“But the challenge we’re all facing, not just football, is that we don’t know where the pandemic is going to take us in the short to medium term. We’re going to look at every possible way to get back on the field … one way or the other we’re going to try to the best of our ability to figure out a way to do it.”
Another issue for Ambrosie and the CFL is the state of the B.C. Lions following the death Monday of owner David Braley.
“Obviously it’s a conversation we’ll have with his family about the future of the team,” Ambrosie said. “We’re going to have to work through the challenge of David’s passing in the middle of this pandemic … but I really believe there’s a bright and great future for the B.C. Lions.
“I spent a lot of time with David as commissioner and I’ll tell you this: He’d give me a hard time because he liked to give me a hard time. But then he’d remind me at the end, ‘Randy, remember. You’re the commissioner. You’ve got a job to do and go get it done.’ I feel in my head and heart that what David wants from me today is to find solutions and to get this league going.”
The CFL has been one of the lone major sports leagues not to operate during the pandemic. Ambrosie admits that doesn’t sit well with him.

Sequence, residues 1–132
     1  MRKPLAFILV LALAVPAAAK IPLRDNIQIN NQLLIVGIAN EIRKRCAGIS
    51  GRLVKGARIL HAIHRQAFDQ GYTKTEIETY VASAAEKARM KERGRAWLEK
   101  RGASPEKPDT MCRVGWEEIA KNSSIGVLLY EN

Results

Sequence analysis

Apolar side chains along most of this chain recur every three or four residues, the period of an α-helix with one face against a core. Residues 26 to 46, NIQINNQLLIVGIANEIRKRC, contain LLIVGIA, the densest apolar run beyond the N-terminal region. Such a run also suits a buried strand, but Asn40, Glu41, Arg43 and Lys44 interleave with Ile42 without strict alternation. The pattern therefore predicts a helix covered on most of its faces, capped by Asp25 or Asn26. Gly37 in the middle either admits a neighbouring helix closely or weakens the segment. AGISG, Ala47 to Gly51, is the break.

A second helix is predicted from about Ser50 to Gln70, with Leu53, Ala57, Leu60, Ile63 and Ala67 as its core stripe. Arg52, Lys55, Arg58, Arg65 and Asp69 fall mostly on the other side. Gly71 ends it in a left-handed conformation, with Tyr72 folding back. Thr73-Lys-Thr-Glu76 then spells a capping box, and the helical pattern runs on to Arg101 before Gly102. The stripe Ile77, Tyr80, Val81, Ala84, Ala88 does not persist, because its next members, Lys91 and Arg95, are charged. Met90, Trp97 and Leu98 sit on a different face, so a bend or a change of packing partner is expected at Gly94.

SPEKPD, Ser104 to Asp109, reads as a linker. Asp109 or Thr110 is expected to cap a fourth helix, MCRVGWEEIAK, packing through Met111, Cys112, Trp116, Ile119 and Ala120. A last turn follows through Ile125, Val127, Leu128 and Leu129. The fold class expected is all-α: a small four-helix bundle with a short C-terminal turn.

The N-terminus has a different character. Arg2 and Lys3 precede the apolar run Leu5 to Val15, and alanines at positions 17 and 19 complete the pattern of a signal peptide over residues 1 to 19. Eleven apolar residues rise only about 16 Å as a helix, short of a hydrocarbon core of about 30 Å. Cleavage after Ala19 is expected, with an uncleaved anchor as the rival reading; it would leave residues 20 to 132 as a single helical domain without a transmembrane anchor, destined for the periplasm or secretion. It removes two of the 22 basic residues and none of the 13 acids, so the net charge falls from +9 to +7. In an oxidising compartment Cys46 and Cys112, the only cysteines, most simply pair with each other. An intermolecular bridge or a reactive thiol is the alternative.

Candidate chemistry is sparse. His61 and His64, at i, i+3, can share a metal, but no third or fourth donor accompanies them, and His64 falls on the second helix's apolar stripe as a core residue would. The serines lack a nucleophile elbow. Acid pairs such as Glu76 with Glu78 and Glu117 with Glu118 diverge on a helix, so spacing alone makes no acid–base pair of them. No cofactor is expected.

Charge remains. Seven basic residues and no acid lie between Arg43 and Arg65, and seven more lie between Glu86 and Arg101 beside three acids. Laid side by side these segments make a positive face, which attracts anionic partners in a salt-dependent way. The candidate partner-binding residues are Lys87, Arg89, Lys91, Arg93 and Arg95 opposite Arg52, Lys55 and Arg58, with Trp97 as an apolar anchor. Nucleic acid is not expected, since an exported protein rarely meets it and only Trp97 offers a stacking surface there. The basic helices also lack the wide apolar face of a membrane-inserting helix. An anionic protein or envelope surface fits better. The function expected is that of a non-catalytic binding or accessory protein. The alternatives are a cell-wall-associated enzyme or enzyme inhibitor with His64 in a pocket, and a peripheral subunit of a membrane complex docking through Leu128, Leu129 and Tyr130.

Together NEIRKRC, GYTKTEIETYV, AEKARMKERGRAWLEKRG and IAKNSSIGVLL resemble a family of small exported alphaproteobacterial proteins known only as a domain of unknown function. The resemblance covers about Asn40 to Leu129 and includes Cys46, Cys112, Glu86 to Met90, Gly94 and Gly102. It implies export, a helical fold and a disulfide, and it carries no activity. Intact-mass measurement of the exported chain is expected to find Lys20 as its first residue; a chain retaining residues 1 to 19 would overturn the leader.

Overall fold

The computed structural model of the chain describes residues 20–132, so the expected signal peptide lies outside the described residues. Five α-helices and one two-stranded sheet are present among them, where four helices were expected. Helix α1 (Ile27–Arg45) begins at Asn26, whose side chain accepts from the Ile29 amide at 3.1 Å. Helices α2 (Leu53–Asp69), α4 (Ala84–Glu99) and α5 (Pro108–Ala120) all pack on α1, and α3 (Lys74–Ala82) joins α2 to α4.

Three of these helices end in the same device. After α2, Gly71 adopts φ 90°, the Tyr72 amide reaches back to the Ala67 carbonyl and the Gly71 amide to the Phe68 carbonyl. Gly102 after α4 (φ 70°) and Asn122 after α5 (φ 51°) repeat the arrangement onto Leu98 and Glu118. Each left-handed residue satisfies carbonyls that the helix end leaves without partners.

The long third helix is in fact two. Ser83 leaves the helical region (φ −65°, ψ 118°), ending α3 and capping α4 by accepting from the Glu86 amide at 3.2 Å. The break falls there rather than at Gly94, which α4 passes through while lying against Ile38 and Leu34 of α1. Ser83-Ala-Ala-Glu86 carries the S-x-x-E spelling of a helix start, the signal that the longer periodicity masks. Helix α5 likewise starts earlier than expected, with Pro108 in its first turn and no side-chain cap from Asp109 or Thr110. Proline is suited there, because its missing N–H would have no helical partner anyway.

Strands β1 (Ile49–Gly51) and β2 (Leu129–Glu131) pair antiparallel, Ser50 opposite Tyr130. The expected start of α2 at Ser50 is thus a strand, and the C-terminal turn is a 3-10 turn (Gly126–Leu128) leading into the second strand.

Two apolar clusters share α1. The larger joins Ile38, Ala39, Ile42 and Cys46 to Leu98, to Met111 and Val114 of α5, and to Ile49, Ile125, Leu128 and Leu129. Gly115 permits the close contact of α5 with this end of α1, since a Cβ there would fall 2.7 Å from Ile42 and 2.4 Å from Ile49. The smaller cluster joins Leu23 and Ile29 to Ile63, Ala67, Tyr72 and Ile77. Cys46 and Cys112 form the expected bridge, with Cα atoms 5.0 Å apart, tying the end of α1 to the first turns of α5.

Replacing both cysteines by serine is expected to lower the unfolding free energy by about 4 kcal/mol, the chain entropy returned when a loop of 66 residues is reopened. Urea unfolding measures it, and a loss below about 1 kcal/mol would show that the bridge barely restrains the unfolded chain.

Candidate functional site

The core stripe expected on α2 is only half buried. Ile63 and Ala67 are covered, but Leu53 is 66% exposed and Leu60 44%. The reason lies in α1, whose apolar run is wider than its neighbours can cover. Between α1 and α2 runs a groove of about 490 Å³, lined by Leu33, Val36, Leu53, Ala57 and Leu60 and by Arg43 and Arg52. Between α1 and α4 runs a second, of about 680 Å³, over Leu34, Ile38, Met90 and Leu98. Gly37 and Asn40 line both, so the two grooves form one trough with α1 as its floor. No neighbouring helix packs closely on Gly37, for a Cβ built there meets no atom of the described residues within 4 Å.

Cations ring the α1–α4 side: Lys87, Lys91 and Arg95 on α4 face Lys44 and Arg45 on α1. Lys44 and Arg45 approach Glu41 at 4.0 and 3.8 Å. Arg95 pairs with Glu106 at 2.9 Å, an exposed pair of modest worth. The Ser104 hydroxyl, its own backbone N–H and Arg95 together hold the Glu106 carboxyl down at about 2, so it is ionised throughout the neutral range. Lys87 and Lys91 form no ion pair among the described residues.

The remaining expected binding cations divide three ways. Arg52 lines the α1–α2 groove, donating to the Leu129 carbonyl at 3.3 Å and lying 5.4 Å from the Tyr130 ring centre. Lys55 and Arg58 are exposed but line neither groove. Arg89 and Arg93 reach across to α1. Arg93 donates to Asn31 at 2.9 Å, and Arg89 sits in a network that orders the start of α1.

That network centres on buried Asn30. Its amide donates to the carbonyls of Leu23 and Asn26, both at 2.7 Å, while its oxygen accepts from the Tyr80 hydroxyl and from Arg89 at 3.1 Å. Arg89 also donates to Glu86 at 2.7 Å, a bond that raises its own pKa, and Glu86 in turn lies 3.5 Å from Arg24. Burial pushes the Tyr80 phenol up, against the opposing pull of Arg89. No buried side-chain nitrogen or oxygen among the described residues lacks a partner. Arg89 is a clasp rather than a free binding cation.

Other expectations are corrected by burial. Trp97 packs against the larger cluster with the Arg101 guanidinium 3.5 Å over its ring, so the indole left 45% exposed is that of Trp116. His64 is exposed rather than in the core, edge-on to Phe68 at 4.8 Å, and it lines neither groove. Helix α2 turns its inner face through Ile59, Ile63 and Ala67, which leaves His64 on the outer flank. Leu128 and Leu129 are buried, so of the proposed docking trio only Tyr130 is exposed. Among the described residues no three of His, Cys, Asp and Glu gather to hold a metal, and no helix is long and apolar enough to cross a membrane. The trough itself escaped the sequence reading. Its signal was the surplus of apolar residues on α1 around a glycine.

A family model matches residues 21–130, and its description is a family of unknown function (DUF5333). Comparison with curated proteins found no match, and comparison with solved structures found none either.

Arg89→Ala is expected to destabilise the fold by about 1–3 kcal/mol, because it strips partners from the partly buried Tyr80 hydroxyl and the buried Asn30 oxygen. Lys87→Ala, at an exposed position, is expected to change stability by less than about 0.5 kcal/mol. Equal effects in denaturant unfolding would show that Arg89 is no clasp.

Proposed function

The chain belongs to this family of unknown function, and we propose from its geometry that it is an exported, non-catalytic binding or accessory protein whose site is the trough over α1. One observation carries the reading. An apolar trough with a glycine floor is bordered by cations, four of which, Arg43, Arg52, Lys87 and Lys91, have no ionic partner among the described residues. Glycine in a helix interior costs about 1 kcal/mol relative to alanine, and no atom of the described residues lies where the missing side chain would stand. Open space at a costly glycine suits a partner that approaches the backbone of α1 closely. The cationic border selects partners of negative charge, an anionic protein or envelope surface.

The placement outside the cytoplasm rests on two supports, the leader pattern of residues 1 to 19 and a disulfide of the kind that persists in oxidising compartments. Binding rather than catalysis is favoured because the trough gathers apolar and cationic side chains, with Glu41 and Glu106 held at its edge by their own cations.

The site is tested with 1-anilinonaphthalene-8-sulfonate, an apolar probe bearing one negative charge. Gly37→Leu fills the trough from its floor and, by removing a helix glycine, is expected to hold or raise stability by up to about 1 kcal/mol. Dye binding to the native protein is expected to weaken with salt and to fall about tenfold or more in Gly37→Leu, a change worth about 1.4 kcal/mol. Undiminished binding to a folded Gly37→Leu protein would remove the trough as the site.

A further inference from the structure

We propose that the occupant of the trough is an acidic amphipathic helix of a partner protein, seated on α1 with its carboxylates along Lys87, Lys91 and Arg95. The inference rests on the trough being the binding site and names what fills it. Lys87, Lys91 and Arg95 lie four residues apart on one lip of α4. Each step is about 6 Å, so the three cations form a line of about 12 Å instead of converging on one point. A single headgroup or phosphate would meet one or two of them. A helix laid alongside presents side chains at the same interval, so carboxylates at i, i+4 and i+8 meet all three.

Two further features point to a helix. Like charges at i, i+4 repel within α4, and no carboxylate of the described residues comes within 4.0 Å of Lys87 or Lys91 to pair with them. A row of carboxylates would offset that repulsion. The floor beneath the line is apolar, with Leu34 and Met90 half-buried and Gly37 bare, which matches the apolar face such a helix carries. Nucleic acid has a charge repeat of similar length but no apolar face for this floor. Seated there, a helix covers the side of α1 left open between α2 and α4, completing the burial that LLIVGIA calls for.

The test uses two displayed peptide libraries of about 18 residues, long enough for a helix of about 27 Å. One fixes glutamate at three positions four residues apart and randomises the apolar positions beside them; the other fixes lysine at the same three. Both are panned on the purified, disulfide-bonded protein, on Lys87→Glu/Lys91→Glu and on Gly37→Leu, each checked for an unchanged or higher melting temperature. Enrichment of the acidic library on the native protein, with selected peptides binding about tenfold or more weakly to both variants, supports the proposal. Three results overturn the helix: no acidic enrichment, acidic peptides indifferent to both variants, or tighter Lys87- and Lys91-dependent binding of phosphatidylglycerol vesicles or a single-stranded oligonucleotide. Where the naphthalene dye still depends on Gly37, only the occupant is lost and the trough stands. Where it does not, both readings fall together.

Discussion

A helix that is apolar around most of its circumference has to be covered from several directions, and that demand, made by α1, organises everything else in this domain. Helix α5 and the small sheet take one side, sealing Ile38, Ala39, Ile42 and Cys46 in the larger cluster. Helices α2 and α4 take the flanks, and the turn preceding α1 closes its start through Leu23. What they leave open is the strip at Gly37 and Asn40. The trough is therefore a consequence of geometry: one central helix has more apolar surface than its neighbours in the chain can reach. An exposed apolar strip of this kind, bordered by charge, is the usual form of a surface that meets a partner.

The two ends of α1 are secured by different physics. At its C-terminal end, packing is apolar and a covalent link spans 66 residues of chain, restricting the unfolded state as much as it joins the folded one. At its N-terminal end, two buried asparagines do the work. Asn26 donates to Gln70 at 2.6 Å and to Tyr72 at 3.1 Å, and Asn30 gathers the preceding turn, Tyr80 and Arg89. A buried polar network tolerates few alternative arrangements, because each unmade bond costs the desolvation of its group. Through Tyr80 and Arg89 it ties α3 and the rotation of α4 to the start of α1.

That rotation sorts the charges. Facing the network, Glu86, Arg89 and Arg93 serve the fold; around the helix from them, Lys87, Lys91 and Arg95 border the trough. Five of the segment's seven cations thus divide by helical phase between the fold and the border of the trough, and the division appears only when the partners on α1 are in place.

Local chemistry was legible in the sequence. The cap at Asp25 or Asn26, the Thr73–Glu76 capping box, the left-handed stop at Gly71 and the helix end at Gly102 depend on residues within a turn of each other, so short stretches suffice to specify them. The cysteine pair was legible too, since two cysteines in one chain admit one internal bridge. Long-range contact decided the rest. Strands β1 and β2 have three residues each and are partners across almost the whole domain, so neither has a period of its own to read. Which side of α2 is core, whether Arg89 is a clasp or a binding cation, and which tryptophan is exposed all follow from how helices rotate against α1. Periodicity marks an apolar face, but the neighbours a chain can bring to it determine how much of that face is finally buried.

“It will always be, for me, disappointing that we didn’t but I do think it’s important to make some distinctions,” he said. “First of all, the NHL was largely through most of its regular season … when it went into the bubble to finish it off. Similarly with basketball.
“We’d not started and faced the daunting task of bringing together the largest group that we have to bring together every year, that being your pre-training camp roster. That made our situation considerably different than what some of the other leagues were facing. Now, it is what it is and you can’t moan about it but we did face some unique challenges. I can honestly say we tried everything we could to try to get back on our feet and came up a little short.”
A burning question remains what the CFL’s future will be if it can’t play again in 2021, especially considering the league reportedly lost between $60 and $80 million because of the cancelled season. That’s a scenario, Ambrosie said, he’s not considering.
“I just feel like we’re going to find a way,” he said. “Would it be good not to play in 2021? No way.
“But I know how much our fans want us back on the field and its through that lens I’m looking at all of our activities so that we make sure we have a good outcome in 2021.”
Ambrosie said the CFL has to examine how it does everything.
“Quite honestly I’m optimistic about everything,” he said. “I have to believe the work we’re doing, the appetite I feel for our game, the importance of football in Canada, the importance of the game itself and all that it stands for will lead us to being back on the field in 2021.
“Right now we’re looking at many scenarios. That’s a word we used a lot in the spring and summer. The time we sadly haven’t been playing has given us a chance to do that kind of work and come back not just in our previous version but in a new and really re-energized version of our league.”
Dan Ralph, The Canadian Press